What is a Master Production Schedule?
A Master Production Schedule (MPS) is a manufacturer’s overall plan on how and when to produce their products, including the quantity they need to produce within a specific timeframe. When implemented properly, the master production schedule serves as a comprehensive guide for the organization to follow throughout the entire manufacturing process.
A company’s MPS is a singular document that serves as a blueprint for the manufacturing process containing all the production process details. On the MPS, managers include specific information such as what type of products to produce, when to produce them, how many are needed, and how to produce them.
Master production schedules need to be comprehensive and include each step in the process. This puts everyone involved in the process on the same page when it comes to their organizational goals and ensures that everything is up to standard.
This is why teams need to put a lot of thought and care into producing their MPS. The process needs to start with an evaluation and creating a demand plan. From there, team members can create drafts of the production process that require review to see if the plan is possible.
Once finalized, everyone needs to be briefed on the MPS and be on the same page. That way, all team members are aligned in their goals for each 100% fulfillment.
Many people have a common misconception that Material Resource Plans (MRP) and MPS are the same things. However, these are two different concepts that target different goals. Both of these plans need to be present in the planning stage in order to achieve smoother operations.
Basically, MRPs are used to determine how many materials manufacturers need to order to meet the demand for a specific product. An MPS, on the other hand, is a schedule on how and when to use the materials present in the MRP.
So, while they work hand-in-hand, these are two separate documents.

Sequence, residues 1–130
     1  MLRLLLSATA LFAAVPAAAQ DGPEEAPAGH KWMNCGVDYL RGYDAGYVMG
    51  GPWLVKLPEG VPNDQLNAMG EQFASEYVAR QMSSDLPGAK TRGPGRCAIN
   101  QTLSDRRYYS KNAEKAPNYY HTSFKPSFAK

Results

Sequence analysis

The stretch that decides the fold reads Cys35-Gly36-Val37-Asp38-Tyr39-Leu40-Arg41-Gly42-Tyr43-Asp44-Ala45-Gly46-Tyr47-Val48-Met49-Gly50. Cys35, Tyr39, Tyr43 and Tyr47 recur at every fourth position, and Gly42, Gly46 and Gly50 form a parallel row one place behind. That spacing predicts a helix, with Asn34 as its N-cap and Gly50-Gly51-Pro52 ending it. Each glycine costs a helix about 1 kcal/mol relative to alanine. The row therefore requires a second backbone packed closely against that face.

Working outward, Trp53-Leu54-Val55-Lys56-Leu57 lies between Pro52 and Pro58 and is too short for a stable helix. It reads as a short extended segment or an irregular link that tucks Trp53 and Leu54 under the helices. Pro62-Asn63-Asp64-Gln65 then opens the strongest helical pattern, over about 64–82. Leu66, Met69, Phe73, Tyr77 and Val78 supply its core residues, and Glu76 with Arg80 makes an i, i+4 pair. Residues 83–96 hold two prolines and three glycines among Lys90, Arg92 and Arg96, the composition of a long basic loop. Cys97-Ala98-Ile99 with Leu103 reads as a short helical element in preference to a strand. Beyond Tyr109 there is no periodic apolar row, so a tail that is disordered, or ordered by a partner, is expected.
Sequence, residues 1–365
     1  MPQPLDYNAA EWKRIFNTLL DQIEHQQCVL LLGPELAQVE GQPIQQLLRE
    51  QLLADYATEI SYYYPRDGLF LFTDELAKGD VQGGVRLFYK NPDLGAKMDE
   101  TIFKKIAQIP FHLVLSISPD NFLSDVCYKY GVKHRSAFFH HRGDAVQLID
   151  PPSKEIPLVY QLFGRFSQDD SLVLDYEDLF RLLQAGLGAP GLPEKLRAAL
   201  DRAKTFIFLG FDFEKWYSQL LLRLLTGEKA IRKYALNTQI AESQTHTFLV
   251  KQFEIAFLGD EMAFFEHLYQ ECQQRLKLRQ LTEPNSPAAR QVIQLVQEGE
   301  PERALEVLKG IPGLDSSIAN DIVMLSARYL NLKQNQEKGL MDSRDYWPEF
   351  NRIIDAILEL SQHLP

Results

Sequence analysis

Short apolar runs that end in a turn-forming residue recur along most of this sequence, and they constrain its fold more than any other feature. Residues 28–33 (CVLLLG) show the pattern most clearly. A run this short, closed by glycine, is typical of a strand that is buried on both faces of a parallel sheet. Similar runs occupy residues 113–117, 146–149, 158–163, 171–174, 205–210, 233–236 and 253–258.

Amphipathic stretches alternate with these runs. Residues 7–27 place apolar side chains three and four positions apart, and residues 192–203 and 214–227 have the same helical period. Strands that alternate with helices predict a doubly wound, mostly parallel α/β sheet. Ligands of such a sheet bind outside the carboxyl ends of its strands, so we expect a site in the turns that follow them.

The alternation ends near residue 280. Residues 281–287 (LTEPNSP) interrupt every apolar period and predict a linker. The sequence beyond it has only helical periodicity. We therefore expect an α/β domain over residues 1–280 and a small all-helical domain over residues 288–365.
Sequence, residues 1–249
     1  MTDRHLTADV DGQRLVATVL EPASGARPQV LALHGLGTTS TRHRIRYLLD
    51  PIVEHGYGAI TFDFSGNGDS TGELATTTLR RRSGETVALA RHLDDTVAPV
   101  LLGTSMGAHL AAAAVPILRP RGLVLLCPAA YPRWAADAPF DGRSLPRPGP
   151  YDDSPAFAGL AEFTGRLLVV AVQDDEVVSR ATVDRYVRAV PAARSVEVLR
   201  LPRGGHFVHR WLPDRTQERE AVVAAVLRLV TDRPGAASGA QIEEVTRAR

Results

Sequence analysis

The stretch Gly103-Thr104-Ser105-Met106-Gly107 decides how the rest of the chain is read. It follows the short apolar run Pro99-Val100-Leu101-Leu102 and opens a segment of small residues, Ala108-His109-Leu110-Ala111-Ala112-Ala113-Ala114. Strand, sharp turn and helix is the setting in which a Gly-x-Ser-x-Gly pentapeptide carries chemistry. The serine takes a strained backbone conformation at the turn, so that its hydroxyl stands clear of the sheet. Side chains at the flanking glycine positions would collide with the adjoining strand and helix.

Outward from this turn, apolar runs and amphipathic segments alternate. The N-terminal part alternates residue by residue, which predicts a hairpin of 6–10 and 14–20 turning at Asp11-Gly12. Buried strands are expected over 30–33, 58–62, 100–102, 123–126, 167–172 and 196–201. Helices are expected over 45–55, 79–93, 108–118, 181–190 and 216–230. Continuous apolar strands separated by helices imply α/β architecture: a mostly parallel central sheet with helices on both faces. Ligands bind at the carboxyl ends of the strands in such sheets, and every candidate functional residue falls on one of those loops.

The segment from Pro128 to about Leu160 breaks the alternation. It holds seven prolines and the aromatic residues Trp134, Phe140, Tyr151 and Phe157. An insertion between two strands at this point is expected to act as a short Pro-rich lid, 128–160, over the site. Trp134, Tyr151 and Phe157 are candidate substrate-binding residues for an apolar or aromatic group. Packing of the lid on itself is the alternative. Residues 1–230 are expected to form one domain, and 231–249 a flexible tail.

A realistic and well-produced MPS holds a lot of value in the production process. It’s a crucial step that companies need to take before manufacturing even starts. Having an MPS allows companies to create clear and definite goals for the team while also laying out how they can achieve these goals.
An MPS gives the team a basis for their products for the week. This can reduce the amount of wasted time, boost production efficiency, and create space for other processes.
Typically, managers use the MPS for:
An MPS allows manufacturers to determine how much of a product to produce and when they need to produce it. This makes it easier to manage operations and create a balance between the actual operations, equipment use, and demand. This also makes it easier for managers to safely plan out the entire process.
When drafting an MPS, it’s important to look at things from as many perspectives as possible. The team needs to introduce multiple routes that all lead toward meeting production goals. From there, managers can evaluate the schedules and find the most efficient and workable schedule possible.
Capacity planning is a crucial purpose of the MPS. With an MPS, managers can determine how much of a product they need to make if they are looking to meet demands. With proper capacity planning, managers can also open up ways to reduce costs, increase profits, and consistently meet customer demand.
Master production plans allow you to coordinate two separate teams, such as marketing and finance. This allows for more efficient communication between different systems, resulting in smoother overall functions.